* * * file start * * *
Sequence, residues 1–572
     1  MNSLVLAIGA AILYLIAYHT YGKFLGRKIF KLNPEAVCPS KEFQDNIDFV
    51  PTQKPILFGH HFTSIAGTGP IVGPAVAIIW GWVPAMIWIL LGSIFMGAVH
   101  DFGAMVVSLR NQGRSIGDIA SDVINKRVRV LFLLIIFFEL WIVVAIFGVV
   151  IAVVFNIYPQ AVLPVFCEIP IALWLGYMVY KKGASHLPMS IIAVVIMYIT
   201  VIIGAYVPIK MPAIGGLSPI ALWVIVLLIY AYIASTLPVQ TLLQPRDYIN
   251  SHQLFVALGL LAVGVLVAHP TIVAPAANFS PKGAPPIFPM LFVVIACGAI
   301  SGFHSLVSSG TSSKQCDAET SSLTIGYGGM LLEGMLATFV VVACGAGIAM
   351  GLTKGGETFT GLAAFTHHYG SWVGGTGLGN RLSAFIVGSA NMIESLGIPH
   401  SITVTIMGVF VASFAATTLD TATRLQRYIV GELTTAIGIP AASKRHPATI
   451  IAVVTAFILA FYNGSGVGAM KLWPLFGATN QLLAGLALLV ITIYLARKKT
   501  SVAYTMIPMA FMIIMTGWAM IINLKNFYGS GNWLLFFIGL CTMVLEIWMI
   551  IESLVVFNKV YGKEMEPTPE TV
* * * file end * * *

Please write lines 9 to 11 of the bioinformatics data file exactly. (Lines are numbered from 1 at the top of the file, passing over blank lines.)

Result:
   351  GLTKGGETFT GLAAFTHHYG SWVGGTGLGN RLSAFIVGSA NMIESLGIPH
   401  SITVTIMGVF VASFAATTLD TATRLQRYIV GELTTAIGIP AASKRHPATI
   451  IAVVTAFILA FYNGSGVGAM KLWPLFGATN QLLAGLALLV ITIYLARKKT